TRAVEL AIR 2000 NC1076
PANCAKES, BARRELS AND REASSIGNMENTS
This airplane is a Travel Air 2000 (S/N 151; ATC #30) manufactured
during September 1926 by the Travel Air Manufacturing Company,
Wichita, KS. It left the factory with a Curtiss OX-5
engine (S/N 273) of 90 HP. It was a three-place airplane
weighing 2,180 pounds.
It sold “flyaway” on September 9, 1926 to Wilford
Gerbracht (biography link), Gerbracht Aeronautical Corporation, Ames, IA. This link cites the "Gerbracht Flying Service", which is probably an entity of the Corporation. The airplane pictured at the link is not NC1076, and the description of it there is suspect, as there is no model "700" Travel Air.
find NC1076 in Tucson twice. Ten months after it was manufactured, on Tuesday June 28, 1927, it arrived at the Airfield flown by Gerbracht carrying passenger James Hall, Jr. They were westbound from El Paso, TX to Los Angeles, CA.
On Wednesday July 20, 1927 NC1076 arrived flown by Gerbracht
carrying passenger Frank Goodale. They were eastbound
from Yuma, AZ to El Paso, TX. Noted in the Remarks
column of the Register for the two flights is "W.B. Crow Patrol Inspector", and "Chester Gracie U.S.I.S.
Border Patrol." The airplane was probably inspected
at Tucson for contraband liquor (remember, this was the Prohibition
era). Note the spelling of Gerbracht's name in the Register looks like "Welford".
The NASM record states, “Ship was pancaked, twisting
fuselage & breaking both lower wings & L/G. New
wings, L/G, repairs in process at White’s Aircraft
Co., Des Moines, Iowa.” There is no mention in the record of who was flying, or if there were injuries. There is no date given
for this event, but it was probably after July 20, 1927 when
we saw the airplane in Tucson.
Needed repairs must have been extensive and time-consuming. On February 1, 1928
a new registration number (NC4017) was given to the rebuilt
airplane. The number NC1076 was recycled even as repairs were underway. The record for NC1076, the Travel Air, was continued in the
record for 4017. NC1076 was assigned to a Ford 4-AT-A manufactured October 6, 1927 and operated by the Cleveland-Detroit Airline until it crashed and was destroyed at Toledo, OH on January 16, 1929. An excellent port profile of the Ford is at the link.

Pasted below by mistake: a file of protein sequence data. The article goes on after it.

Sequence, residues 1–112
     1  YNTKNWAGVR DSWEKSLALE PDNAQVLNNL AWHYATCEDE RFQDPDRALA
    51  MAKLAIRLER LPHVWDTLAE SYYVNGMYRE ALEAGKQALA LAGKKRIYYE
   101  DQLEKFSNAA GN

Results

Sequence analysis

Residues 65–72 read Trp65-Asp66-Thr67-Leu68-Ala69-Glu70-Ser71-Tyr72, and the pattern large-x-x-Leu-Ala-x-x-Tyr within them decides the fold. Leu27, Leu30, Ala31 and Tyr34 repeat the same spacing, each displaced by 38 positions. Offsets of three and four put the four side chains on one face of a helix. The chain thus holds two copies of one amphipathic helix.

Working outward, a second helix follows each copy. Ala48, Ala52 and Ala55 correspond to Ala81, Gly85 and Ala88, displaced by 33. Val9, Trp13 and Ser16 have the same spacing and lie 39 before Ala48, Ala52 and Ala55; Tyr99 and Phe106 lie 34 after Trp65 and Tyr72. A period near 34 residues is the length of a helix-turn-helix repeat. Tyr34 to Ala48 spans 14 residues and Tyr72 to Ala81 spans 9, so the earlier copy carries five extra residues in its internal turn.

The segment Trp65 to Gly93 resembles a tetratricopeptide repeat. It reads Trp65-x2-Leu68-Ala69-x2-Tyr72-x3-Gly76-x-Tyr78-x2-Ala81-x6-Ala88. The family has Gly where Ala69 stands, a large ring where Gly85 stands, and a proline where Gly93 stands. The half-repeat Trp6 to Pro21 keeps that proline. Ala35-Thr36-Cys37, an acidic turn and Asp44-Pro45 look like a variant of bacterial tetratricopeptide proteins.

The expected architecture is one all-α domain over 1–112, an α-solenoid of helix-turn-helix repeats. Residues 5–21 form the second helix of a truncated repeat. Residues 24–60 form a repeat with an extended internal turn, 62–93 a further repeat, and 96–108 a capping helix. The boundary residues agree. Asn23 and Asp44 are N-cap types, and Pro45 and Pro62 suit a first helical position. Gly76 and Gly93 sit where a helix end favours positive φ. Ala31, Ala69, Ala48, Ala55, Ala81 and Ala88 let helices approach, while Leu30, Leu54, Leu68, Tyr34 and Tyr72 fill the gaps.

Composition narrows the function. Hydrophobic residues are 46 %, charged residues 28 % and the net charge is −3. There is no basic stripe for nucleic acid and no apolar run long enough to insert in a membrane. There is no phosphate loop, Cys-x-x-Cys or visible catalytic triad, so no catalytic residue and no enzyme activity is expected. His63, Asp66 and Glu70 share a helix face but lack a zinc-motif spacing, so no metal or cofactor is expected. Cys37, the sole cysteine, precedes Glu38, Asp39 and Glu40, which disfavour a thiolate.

The separate NASM record for NC4017 continues as follows. Almost concurrent with the new registration assignment, NC4017 sold for $2,000 to the Central Iowa Aircraft Co. in Nevada, IA on January 27, 1928. We can guess from the record that the airplane had another accident soon after transfer, as the airplane was judged "not ready for inspection" on July 11, 1929 and on January 11, 1930. As of July 1, 1931 it was, "repaired with new spars in left wings, o'hauled, recovered."
In a bureaucratic mixup, it was assigned registration number 12059 in error as of September 2, 1931. The error was corrected by September 29th. The record notes it had an OX-5 (S/N/ 2737) installed as of October 4, 1931.
On April 25, 1932 NC4017 was sold to Kenneth V. Benesh of Monticello, IA. It suffered an accident a month later on May 30th with, "damage to motor mount, upper left spar & wing, gas tank, firewall and cowling. Right upper, lower wings." There is no record of repairs for these damages, but we can infer they probably were made as the airplane sold again December 29, 1933 to Douglas Harris of Milwaukee, WI and again on December 6, 1934 to Forest L. Reed and Alfred M. Klatt of Eagle, WI.
Between 1934 and 1948, NC4017 went through five more owners and three more accidents, including one where it, "had been taxied over a barrel. Split spar and damaged a rib." Its final owner was Jack R. Bigler of Blacklick, OH who purchased it June 18, 1945.
On April 15 1946 the Civil Aeronautics Authority (CAA) received a wire from the sheriff of Janesville, WI that NC4017 had been abandoned there since October of 1945, forced down on the farm of Harold Teubert, RD #1, Janesville, WI. On August 2, 1946 an attorney for Mr. Teubert stated he was preparing to sell the plane for damage claims agains it. Mr. Bigler phoned to say he was coming to reclaim the plane, but did not appear.
Two years went by, during which it appears the airplane was again transferred to another owner. The CAA received notice during July 1948 from "Clent Breedlove Aerial Service" (no location stated) that the plane had been permanently retired from service. No further information.
That no grass grew under the feet of the CAA is proven by the fact that the original registration number for this Travel Air, and the one used by Gerbracht to identify it in the Register, was itself reassigned to the Ford, above.
UPLOADED: 04/10/06 REVISED: 01/16/08, 01/18/08, 11/18/08, 02/09/09, 07/24/14